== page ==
It’s ridiculously easy to bypass the Galaxy S8’s iris security, using a printed photo and contact lens

There’s still no such thing as a perfect smartphone, at least not yet, and no matter how many different biometric authentication methods an OEM like Samsung implements on a device like the Galaxy S8 and S8+ these days, a determined enough intruder will find a way to circumvent any and all security measures.

Numeric codes, passwords and lock patterns can be easily cracked, but it turns out it’s not that hard to fake a fingerprint, face or even human eye to get a mobile product’s respective sensors and scanners to give you the go-ahead into one’s most personal, cherished device.

It takes a little over a minute of distressing YouTube footage to prove the iris recognition system on the Galaxy S8 is pretty much as insecure as its facial authorization mechanism, which we knew still had a long way to go.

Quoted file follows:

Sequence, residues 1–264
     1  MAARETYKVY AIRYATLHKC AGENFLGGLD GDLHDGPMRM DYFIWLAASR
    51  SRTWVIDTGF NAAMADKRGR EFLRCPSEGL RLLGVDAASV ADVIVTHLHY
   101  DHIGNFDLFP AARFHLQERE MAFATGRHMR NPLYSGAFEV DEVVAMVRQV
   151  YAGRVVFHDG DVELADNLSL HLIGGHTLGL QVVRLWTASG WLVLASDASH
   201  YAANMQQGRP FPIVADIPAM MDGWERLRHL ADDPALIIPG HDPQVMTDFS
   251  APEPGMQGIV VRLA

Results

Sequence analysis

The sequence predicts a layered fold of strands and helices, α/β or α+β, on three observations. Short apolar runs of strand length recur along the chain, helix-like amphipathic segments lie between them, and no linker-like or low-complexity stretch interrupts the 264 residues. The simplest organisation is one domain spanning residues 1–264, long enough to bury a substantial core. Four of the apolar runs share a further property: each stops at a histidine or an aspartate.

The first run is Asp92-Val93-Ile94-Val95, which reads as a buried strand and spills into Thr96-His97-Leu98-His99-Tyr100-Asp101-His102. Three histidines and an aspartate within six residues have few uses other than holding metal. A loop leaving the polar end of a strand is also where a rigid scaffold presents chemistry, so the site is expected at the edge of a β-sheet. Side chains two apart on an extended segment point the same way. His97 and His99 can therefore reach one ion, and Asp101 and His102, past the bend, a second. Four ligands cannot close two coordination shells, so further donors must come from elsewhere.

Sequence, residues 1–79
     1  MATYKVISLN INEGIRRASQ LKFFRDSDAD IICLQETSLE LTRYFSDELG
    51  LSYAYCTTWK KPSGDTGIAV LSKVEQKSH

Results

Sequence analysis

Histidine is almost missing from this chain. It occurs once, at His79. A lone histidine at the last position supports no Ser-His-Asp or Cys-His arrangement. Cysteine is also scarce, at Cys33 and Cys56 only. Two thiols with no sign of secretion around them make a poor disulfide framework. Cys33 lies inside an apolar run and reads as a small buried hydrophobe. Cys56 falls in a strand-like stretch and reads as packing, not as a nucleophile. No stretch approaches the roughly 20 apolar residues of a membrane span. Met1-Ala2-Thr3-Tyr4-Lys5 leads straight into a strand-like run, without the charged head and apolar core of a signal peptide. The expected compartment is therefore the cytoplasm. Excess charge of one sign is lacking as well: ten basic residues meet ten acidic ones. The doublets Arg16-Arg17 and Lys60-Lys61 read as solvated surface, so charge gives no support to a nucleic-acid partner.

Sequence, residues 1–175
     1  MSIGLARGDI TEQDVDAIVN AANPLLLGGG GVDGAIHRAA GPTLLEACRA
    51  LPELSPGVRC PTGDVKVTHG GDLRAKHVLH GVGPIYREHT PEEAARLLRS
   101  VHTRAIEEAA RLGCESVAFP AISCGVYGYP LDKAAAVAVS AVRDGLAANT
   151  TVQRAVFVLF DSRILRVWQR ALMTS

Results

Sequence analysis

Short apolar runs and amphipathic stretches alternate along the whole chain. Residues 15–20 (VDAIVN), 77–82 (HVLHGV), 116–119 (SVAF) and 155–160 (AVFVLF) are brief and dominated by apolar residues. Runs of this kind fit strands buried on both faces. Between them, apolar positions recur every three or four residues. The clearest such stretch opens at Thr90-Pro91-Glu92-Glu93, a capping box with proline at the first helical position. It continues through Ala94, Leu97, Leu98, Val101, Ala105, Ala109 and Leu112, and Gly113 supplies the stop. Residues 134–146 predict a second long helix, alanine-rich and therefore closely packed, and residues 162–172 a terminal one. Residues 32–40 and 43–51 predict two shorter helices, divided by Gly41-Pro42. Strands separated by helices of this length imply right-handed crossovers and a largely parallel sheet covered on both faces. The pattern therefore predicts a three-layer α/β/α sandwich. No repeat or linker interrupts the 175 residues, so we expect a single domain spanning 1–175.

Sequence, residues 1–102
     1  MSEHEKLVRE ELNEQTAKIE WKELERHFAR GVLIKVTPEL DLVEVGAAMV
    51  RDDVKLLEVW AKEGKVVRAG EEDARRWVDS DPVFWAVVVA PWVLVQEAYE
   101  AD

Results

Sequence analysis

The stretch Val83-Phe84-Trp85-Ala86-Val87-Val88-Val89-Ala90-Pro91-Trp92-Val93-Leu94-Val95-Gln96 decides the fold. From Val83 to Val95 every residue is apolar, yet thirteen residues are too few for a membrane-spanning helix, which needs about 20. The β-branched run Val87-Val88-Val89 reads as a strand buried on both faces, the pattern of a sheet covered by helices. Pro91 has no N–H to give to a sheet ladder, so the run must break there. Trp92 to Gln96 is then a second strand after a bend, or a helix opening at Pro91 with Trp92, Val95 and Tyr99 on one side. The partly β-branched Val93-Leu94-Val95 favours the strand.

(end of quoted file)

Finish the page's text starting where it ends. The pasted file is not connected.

In real life, of course, you’ll need to dedicate more time and put more effort into fooling the “advanced” biometric feature. First, a photo of the phone’s owner captured with a digital camera’s night mode switched on is required. Said snapshot must then be printed using a standard laser printer (not necessarily from Samsung, we presume), and the resulting sheet of paper will effortlessly do the trick if you merely place a contact lens on the artificial “iris.”

That’s certainly depressing to see, though if it makes you feel any better, odds are your local smartphone thief isn’t routinely getting tips from The Chaos Computer Club, Europe’s largest association of hackers, whose members were also the first to break Apple’s feeble Touch ID security back in the day.

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About The Author
Adrian Diaconescu
Adrian has had an insatiable passion for writing since he was in school and found himself writing philosophical essays about the meaning of life and the differences between light and dark beer. Later, he realized this was pretty much his only marketable skill, so he first created a personal blog (in Romanian) and then discovered his true calling, which is writing about all things tech (in English).